Saturday, January 9, 2010

Rising rivers, quick sand, metric ton spillage, and home brew...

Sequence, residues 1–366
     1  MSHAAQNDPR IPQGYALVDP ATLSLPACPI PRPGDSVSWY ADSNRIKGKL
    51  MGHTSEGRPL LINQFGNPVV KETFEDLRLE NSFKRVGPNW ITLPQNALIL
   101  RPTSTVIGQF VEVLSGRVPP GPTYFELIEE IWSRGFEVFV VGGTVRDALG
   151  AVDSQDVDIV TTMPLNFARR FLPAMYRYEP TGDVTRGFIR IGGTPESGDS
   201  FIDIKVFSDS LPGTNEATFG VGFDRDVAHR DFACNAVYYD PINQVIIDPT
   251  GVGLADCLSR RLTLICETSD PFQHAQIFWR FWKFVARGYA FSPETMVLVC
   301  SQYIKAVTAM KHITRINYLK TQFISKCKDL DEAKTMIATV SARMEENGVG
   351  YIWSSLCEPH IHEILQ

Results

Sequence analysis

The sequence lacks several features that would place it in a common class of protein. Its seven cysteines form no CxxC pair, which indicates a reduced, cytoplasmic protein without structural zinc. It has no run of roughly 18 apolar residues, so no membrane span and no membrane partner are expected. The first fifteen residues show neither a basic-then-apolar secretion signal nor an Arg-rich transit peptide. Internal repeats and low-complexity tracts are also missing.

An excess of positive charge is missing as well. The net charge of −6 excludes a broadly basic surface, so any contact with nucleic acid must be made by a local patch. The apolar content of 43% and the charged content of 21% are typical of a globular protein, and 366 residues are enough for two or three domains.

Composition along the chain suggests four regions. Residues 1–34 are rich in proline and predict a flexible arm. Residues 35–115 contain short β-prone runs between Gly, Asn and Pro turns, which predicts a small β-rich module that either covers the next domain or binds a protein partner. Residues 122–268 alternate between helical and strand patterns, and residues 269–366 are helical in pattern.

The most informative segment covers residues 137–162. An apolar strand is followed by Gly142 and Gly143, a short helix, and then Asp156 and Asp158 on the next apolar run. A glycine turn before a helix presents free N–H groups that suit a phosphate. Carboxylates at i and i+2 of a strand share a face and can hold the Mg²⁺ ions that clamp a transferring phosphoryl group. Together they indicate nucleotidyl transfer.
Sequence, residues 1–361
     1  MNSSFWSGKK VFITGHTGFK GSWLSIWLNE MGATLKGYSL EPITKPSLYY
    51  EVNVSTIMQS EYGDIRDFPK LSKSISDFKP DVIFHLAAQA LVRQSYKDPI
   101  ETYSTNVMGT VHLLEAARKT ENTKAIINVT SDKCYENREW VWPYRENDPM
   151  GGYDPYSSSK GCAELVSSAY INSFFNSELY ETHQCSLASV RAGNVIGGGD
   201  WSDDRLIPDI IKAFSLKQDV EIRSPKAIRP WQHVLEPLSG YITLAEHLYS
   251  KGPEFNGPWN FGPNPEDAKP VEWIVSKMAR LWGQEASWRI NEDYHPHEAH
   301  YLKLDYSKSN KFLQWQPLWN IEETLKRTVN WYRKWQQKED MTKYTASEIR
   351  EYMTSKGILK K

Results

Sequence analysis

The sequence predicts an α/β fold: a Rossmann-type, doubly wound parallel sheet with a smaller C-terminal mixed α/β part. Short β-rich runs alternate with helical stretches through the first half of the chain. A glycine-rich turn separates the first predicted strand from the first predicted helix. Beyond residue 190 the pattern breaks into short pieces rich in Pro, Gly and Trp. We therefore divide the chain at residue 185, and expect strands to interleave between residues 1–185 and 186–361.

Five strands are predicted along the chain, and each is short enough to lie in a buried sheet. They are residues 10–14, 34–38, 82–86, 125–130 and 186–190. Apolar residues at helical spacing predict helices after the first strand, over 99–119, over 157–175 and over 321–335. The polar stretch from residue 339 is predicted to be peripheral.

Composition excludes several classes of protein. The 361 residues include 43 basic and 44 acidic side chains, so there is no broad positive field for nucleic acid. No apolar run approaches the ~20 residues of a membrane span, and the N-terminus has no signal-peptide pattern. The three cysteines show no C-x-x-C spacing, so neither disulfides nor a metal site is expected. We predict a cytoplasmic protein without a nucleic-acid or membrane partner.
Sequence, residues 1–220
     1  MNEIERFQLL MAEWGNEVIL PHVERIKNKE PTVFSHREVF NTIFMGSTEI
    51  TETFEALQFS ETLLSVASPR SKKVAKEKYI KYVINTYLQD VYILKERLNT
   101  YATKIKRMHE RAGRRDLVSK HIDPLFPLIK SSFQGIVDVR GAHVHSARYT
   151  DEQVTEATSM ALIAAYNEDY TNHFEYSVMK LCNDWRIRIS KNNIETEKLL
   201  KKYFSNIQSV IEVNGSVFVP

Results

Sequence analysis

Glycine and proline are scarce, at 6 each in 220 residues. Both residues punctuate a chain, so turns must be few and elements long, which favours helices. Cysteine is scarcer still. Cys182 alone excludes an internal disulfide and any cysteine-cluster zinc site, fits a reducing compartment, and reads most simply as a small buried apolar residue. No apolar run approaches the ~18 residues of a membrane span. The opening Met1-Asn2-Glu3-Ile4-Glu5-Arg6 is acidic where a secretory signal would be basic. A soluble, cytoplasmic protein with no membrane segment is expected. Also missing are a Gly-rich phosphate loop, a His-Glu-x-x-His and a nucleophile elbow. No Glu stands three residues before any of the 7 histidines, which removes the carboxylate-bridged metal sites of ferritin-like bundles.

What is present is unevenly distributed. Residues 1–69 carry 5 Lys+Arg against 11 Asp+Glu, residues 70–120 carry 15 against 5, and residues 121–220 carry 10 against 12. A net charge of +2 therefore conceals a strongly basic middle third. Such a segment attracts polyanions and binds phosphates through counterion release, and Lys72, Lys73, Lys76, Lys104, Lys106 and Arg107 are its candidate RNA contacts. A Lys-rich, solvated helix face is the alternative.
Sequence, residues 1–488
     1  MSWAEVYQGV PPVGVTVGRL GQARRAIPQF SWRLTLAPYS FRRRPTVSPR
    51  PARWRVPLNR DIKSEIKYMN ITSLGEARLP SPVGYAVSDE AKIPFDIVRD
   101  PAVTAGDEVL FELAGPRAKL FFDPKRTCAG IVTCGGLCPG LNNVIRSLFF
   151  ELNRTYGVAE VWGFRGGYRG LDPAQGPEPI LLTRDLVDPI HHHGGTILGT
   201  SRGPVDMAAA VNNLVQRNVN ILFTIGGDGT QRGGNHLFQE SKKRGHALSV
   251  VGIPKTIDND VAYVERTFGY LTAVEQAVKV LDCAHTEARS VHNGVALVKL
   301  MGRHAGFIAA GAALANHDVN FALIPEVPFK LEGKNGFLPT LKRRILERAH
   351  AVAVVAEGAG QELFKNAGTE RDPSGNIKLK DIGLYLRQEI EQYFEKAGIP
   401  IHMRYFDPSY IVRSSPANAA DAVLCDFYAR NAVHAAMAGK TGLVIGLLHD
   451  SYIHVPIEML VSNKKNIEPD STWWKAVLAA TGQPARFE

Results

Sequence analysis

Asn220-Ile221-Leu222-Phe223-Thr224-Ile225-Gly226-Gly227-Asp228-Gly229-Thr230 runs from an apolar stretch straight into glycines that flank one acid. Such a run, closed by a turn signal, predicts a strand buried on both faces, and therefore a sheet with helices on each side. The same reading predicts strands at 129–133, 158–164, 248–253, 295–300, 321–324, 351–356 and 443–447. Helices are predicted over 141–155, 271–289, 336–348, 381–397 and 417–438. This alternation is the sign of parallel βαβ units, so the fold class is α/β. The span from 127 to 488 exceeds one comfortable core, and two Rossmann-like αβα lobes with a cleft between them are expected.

It has been a little bit since I have posted and I am now sifting through the drama and slap stick that occur in a 5 day stint on our shiny acre. First of all driving in you can't help but notice the Puyallup River is bloated more each day. This sparked a small fear in me, causing me to take a stroll to the old creek in the sticks out back. Happy day, the creek is behaving! It is pretty much the same as it has looked every time before. Speaking with some of the neighbors, they say it has never flooded as long as they have been here. "(Hear) Sigh of relief". I did some early spring cleaning in the barn to make way for the 2,205lbs of organic feed about to be delivered by some friendly Canadians. Unfortunately the bag spilled over in the truck and we could not move it. You don't realize how big a ton is until you have to try to think of a plan b to move it. The poor truck driver asked me if I have a tractor. I just pointed over at my 14 porcine tractors, all of which would love to assist, and could indeed move it (rendering it into a ton of fertilizer) - but it would take them at least 14 days, and everyone needed to get home for supper. The driver decided to go to his next stop and see if there was a tractor there, after which he would come back for our delivery. He took off and I trotted over to the faucet to hook up my "now unfrozen" hose for some easy watering with no bucket carrying involved. Stop there... now my new hose connector is completely flat. How I managed to drive over it when it was hanging on the wall I will never know. Possibly the pigs are playing a trick on me like some nightmarish Farside comic come to life. So Joel carries water buckets for a living after all. Now I could have worked that self pity all day if the feed guy didn't come back around 3pm limping! No, his next stop did not have a tractor, but they did have an empty grain bag that he could shovel it by hand into, so as to get it out of the way, freeing up his electric pallet jack. This poor poor soul, I will straiten up and not tell him I had to carry water. I offered him the one beer I keep in the medicine cabinet, of which he refused. In Canadian culture when you refuse a beer, you are legally deceased. Speaking of beer, I finally met the folks farming next door. They will also be in hops this spring, and are also avid brewers. As a welcome to the neighborhood they gave me a fresh growler of chilly wonder! It was a rich dark malty porter with a generous hopiness. If there is a "chicken soup for the beer appreciators soul" on the shelf at Border's, it probably has that story in it. Come Saturday, after our weekly pancake ritual, I packed the whole clan up - all clad in rubber boots (the ancient weapon on our family crest), and headed to the farm. It was the first Sunny day since we have been operating here, and it was absolutely gorgeous. The kids helped feed and water then ran off to play. Not a moment later I hear this wailing of the sort you can't make out if its joking or real. I look over and Jude is stuck in the mud where they just filled in the well work. I go over there and he is sunk up to his knees and balling -sure that this is his muddy end! I go in to pull him out and I sink up to my knees (Bear Grylls don't fail me now). I pull him out (minus boots) and he goes swishing in his socks back to mom. I managed to wriggle out (barely convincing Daniel not to come rescue me), ran and got my sorting boards (glorified plywood with handle holes) and placed them across the mud in time to rescue the little boots that were quickly sinking to China. Thank God today was the day I was able to achieve connection of a functional hose to a functional faucet, and wash away our muddy memories. Later Jude quietly asked me, "dad how did you get so strong to pull a kid out of the mud?" I told him "carrying buckets of water son". I didn't really tell him that... I am a nerd but not that much so. Over all, it was a great week. Me and my brother built the fence training pen, all our ingredients for the sow's detox came in, and this strange life seems satisfying and enjoyable.

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